Battle Creek Enquirer: Congress Bucks Base Closure Plan
May 24, 2012
By: Maureen Groppe
Congress is rejecting the Pentagon's plans to cut planes and personnel from the Air National Guard and to review all military bases for potential closure next year.
That should block for now changes that could have cost hundreds of jobs from the Michigan Air National Guard, including about 70 in Battle Creek.
"We decided we just better put a freeze on this for a year," said Michigan Sen. Carl Levin, the chairman of the Senate Armed Services Committee which voted Thursday to block the cuts. "There was a broad feeling in the committee that the Air Force did not have a basis that was solid for where they were making these reductions."
The House last week approved its version of a defense bill that likewise prevents the Pentagon from making any changes in personnel and aircraft.
"Obviously we're pleased that we got the support out of the Congress to do what I think is the right thing," said Maj. Gen. Gregory Vadnais, adjutant general for the Michigan National Guard.
In addition, neither the Senate nor the House bill authorizes the two new rounds of base closures requested by the Pentagon.
That provision is one of multiple objections to the House defense bill that prompted a veto threat from the Obama administration. The administration hasn't released an opinion yet on the Senate's version.
The Senate proposal calls for the creation of a new commission charged with determining the best future structure for the Air Force. That commission would have to make non-binding recommendations for any equipment or personnel reductions to Congress by next March.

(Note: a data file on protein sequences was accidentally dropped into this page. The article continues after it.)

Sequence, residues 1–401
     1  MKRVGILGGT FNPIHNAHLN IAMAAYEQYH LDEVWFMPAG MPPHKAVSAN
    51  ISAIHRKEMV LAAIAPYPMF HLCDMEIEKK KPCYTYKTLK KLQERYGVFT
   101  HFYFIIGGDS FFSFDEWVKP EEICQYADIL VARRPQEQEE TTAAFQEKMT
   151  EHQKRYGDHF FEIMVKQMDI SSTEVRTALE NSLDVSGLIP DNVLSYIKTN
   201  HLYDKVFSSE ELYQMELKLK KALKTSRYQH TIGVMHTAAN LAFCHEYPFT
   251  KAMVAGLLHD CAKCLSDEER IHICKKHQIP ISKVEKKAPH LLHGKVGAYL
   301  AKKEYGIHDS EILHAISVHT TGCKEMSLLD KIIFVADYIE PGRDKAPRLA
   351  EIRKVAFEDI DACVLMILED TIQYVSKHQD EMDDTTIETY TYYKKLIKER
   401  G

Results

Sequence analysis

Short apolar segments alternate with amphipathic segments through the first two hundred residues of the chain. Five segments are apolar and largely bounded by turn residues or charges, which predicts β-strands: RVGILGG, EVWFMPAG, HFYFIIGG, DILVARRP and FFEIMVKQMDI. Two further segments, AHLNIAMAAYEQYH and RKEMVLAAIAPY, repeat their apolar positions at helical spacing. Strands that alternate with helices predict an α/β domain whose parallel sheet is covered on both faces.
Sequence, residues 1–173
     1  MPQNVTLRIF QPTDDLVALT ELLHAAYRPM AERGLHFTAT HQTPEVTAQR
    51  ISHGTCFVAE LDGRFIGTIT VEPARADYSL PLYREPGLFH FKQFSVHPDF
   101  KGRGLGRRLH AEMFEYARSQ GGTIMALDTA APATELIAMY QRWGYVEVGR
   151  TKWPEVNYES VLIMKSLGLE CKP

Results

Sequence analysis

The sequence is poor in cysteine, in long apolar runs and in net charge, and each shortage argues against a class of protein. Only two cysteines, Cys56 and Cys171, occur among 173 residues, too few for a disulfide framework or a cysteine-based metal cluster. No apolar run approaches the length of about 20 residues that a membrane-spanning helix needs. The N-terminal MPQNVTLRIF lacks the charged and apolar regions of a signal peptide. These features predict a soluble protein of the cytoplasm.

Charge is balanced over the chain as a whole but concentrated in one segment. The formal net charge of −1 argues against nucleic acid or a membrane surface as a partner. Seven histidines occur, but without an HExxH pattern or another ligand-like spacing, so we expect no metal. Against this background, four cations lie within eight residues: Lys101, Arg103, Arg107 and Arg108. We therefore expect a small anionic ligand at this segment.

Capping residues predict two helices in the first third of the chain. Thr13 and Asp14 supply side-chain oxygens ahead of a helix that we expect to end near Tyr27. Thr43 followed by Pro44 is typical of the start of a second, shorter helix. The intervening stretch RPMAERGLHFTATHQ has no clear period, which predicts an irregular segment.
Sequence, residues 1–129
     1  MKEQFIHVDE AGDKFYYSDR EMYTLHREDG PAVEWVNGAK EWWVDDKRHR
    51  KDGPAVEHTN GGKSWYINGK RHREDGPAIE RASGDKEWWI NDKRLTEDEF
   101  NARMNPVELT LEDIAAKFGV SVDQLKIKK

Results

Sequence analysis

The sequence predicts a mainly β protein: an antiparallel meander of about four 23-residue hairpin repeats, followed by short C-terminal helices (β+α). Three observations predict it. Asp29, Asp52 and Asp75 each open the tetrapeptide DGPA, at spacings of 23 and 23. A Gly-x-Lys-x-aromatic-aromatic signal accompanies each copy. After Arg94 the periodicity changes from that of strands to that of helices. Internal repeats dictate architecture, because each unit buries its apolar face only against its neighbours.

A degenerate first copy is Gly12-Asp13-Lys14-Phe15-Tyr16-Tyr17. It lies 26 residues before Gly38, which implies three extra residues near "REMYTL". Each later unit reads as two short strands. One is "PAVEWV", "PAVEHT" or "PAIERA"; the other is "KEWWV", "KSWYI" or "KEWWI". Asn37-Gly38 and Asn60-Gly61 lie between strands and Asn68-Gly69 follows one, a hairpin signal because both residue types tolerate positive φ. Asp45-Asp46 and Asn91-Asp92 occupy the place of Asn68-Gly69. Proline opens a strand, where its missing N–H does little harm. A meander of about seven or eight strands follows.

Michigan has few military installations left and the ones in Battle Creek were scrutinized in the past.
The Pentagon wanted to close the Battle Creek Air National Guard Base in the last round of base closings in 2005. But the independent commission that made the final decision overturned that recommendation. And a 1993 commission didn't go along with Pentagon plans to close Battle Creek's Hart-Dole-Inouye Federal Center where the Defense Logistics Agency Disposition Services is based.
The administration says more closures are needed to ensure "that limited resources are available for the highest priorities of the warfighter and the national security."
The Pentagon asked for the closures and changes to the Air National Guard as part of how it plans to meet the $487 billion in reductions approved last year when Congress agreed to increase the nation's debt limit.
The House bill authorizes $3.6 billion more than the president requested and $8 billion more than the limit set by the debt limit agreement.
Rep. Tim Walberg, whose district includes the Battle Creek Air National Guard Base, said last week he was especially pleased that the House bill prevents the Pentagon from replacing the Guard's planned C-27J cargo aircraft mission at the base.
"Our nation's men and women in uniform deserve the faith and continued support of their country and government leaders," the Tipton Republican said.
The Senate bill is funded at the level requested by the administration. Levin said there was no single funding shift his committee made to continue to fund the aircraft and Air Guard positions that the Pentagon wanted to cut.
"We made about 150 changes in the president's budget request, roughly," Levin said.
Michigan would have been among the states hardest hit by the Air Force's proposed aircraft changes. Selfridge Air National Guard Base in Macomb County could have lost at least 561 jobs through the Pentagon's desire to get rid of the 24 A-10 fighter planes stationed there.
Governors across the country complained that the Air National Guard would bear a disproportional share of the Air Force cuts. The Pentagon came up with an alternative proposal that restored some of the aircraft and personnel, but lawmakers were still not satisfied.
"Never underestimate the influence of the National Guard," said Arizona Sen. John McCain, the top Republican on the Senate Armed Services Committee.